January 13, 2020
BCSEA’s most recent legal argument at the BC Utilities Commission supports conversion of fleets of vehicles and vessels from fossil fuels to clean electricity.
Individual electric vehicles are already on the road in BC, and more are on the way. Next to come are whole fleets of electric vehicles such as transit buses and delivery trucks, and electric vessels such as ferries. But there’s a glitch.
BC Hydro’s rate structure is not designed for the unique characteristics of the electric load for charging these EV fleets. The current rate structure would be prohibitively expensive for a fleet owner looking to convert to EVs. To solve this problem, BC Hydro recently proposed two rates specifically for charging fleet EVs. One is for overnight charging in fleet depots. The other is for EV fleets that require recharging all times of the day.
BCSEA told the Commission that approval of the fleet electrification rates would remove a substantial barrier to low-carbon electrification of one segment of the transportation sector in BC. BCSEA argued that the proposed rates are justified in terms of economics and cost of service.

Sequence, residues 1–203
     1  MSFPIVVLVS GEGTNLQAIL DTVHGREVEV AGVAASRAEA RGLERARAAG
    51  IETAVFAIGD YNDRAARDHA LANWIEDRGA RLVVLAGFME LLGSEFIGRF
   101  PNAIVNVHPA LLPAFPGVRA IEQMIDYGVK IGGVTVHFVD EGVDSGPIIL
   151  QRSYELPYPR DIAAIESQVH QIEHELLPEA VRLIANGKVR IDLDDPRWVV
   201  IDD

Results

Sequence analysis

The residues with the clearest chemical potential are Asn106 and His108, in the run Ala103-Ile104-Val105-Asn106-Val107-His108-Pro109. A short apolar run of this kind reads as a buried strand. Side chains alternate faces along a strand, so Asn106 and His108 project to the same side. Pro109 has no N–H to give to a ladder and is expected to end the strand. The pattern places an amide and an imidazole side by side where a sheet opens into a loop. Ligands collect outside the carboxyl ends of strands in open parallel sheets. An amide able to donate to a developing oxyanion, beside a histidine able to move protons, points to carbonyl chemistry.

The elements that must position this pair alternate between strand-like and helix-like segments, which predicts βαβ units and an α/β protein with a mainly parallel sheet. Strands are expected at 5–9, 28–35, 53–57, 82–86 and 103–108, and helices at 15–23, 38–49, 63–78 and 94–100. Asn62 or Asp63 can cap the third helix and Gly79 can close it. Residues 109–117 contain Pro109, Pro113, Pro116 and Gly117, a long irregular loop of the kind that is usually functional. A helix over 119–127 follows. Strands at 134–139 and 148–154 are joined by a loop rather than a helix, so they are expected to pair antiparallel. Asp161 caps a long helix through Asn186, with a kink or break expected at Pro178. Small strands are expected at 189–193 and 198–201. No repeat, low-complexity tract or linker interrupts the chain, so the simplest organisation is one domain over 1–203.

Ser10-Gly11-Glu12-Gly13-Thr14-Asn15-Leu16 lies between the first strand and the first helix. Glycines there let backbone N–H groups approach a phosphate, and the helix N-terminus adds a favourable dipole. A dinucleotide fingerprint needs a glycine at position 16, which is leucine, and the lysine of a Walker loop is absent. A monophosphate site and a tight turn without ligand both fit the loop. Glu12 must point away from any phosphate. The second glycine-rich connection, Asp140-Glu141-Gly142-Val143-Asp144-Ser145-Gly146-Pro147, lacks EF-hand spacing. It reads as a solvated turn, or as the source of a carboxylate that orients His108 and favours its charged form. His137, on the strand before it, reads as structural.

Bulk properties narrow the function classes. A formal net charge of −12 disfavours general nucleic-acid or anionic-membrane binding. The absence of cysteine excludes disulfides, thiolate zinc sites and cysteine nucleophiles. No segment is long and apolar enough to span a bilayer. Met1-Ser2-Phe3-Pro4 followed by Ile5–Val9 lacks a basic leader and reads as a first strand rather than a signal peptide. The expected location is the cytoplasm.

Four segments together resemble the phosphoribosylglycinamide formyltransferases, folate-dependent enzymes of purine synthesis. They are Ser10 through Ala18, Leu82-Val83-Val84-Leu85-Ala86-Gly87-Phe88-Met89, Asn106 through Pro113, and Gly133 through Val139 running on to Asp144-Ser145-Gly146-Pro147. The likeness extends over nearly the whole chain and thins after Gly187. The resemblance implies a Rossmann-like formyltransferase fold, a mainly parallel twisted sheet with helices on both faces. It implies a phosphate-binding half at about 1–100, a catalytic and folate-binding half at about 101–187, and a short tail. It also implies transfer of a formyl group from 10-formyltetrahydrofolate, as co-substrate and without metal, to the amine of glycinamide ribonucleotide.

The fleet electrification rates apply only to fleet EV charging, not to public fast charging. Public EV fast charging also has economic challenges due to the cost of electricity supply. However, public EV fast charging is due to be addressed by the BC government’s long-awaited legal directions flowing from the Commission’s report on its Inquiry into the Regulation of Electric Vehicle Charging Service.
Hopefully, the Commission’s decision on the fleet electrification rates will come within a couple of months.
BCSEA Argument in support of fleet electrification rates
BCUC Proceeding on Fleet Electrification Rates
BCUC Inquiry into Regulation of Electric Vehicle Charging Service